Losing a loved one close to the holidays is never easy.
There always seems to be a big hole left behind. But the grieving is part of the healing, and with the healing come the great stories that begin to fill the void.
Those stories will be plenty on Christmas Day in the Walton community when they lift a toast to one of the behind the scenes heroes in Bill Glass.
For many years, Glass, who was a retired mechanic from U.S. Airways, worked in the lunch room and then as a custodian at Walton High School. However his best service wasn’t being a handyman. Glass had the uncanny ability to be a sounding board and then say exactly the right thing to students and coaches alike.
“He would find students in the halls or lunchroom and attempt to make them smile and let them know they were special,” Walton football coach Daniel Brunner said. “I cannot count the number of times he told a student they are here for a reason and were important.”
Glass could always be seen attending sporting events in his Walton gear. When it was baseball season, he stood right beside the dugout every game. It didn’t matter if the Raiders were winning or getting beat 14-4, coach Shane Amos knew he could count on Glass to be a program therapist.
“He always had a kind word for you,” Amos said. “No matter the situation, he was always there. I’m going to miss him a lot, because he had a way to help me keep things in perspective.”
Glass helped keep the Marietta Daily Journal in business too, because any time a story was written about a Walton athlete or coach, he made sure that person had multiple copies of the story to give to family and friends.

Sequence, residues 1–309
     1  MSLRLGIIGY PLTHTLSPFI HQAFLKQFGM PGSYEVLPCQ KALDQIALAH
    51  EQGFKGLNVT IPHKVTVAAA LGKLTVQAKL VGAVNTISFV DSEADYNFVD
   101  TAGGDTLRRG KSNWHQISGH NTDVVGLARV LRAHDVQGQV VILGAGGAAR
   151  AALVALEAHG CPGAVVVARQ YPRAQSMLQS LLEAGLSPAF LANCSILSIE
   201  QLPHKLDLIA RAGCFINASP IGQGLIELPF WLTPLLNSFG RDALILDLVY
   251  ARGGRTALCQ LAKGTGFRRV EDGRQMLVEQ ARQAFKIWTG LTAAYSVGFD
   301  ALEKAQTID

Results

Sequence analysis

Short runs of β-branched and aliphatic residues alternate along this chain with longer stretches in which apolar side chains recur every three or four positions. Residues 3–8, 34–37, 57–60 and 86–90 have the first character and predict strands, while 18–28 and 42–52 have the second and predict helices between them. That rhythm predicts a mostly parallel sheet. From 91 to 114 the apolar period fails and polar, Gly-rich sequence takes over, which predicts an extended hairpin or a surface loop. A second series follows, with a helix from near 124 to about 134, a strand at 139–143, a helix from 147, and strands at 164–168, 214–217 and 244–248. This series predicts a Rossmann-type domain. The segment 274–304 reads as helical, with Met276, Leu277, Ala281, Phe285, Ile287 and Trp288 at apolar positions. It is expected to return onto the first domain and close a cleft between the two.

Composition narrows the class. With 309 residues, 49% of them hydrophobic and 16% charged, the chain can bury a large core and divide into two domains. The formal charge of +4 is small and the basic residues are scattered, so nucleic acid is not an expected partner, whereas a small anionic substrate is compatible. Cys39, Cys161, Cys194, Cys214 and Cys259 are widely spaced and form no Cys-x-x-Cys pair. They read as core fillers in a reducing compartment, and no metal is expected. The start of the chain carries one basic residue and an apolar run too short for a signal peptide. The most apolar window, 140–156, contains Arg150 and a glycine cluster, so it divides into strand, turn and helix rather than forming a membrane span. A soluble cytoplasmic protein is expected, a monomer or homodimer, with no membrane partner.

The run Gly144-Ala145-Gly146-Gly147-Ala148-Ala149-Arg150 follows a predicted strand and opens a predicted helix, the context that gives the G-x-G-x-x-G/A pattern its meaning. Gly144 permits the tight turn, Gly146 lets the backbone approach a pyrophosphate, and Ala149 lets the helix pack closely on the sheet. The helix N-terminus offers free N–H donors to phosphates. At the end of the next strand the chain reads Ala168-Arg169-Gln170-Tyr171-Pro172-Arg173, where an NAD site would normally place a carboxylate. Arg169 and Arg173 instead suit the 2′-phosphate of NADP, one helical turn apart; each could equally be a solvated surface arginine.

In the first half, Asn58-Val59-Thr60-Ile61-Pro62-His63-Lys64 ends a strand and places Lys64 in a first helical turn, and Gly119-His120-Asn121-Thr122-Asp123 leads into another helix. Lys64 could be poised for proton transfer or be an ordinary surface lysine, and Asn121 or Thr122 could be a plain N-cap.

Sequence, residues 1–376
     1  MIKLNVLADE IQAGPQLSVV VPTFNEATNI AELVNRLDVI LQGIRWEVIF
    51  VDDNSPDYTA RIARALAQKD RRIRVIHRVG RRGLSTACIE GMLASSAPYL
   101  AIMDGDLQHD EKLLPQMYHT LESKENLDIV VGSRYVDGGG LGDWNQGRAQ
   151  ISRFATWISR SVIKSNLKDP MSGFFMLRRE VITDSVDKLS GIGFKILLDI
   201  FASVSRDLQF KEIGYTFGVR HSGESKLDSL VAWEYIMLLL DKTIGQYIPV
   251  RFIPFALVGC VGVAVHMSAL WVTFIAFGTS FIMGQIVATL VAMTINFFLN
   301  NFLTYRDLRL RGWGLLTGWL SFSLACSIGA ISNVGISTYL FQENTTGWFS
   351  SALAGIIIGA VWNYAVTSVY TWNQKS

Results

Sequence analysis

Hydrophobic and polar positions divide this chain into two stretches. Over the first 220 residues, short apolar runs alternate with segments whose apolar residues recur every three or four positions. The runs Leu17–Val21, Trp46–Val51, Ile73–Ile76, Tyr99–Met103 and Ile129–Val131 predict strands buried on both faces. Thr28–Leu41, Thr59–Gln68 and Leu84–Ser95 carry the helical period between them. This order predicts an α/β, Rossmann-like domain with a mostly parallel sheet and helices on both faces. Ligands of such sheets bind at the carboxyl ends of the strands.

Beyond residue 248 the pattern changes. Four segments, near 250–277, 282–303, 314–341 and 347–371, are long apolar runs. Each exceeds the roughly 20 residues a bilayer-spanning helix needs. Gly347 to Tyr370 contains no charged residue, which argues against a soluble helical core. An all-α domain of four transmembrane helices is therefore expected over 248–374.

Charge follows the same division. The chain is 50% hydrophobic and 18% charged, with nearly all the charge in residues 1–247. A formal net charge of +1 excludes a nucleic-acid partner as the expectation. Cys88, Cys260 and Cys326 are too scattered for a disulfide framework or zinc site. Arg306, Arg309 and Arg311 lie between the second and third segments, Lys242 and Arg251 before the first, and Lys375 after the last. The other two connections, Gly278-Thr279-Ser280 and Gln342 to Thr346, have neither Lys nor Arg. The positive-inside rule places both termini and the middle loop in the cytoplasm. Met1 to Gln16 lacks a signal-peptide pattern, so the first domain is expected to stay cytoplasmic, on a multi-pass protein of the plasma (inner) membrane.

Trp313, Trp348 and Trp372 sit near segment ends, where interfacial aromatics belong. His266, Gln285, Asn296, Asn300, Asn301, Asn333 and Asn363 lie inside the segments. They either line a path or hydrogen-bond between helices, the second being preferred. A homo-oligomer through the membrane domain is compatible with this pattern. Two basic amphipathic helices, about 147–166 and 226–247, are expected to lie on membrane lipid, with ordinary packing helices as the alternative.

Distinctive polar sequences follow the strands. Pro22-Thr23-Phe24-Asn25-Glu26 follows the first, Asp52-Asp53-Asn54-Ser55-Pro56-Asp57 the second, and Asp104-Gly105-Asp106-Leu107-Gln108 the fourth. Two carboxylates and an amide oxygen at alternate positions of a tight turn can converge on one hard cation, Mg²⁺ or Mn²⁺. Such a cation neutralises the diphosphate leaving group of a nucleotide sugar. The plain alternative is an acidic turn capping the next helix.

“Your first impression is the one that usually matters the most,” Walton boys basketball coach Bo Abney said. “(Glass) was one of the first people to greet me when I came to Walton. He presented me with about a dozen copies of the story in case I wanted to give it to members of my family.
“It didn’t matter who you were, he was there to support you. I loved to watch him in the lunchroom when he would seek players out. I always appreciated that. It was like he was an extra coach. A 1 minute conversation would relight the fire.”
Abney said Glass had one objective in his one-on-one time with a player.
“If I can just get them to smile,” Abney said Glass told him.
The best part was for more than a decade in and around the Raiders’ program, Glass remained consistent, interested and involved.
“He was a guy that never had a bad day,” former Walton and current Glynn Academy football coach Rocky Hidalgo said.
“He was really a wise guy and had a way to sum up life. When we struggled or I had doubts he would sit an listen. When it was over, I always felt better. He would get up with a big smile and tell me, ‘Rock, I know you are going to do the right thing.’”
Knowing the programs in and around Cobb County, here is hoping each has their own Bill Glass. The person who might appear to be in the shadows, but truly is anything but. Those are the community members who become the glue. The ones who help make the programs what they truly are — a family.
Here’s hoping the stories are plenty and the memories bring smiles this holiday season. It may be difficult at first dealing with the loss, but the people who leave this kind of legacy are never truly gone. The coaches and players who learned from and took something from Glass will pass those words of encouragement on. They will keep his memory alive.
“Everyone should have someone like him in your life,” Hidlago said.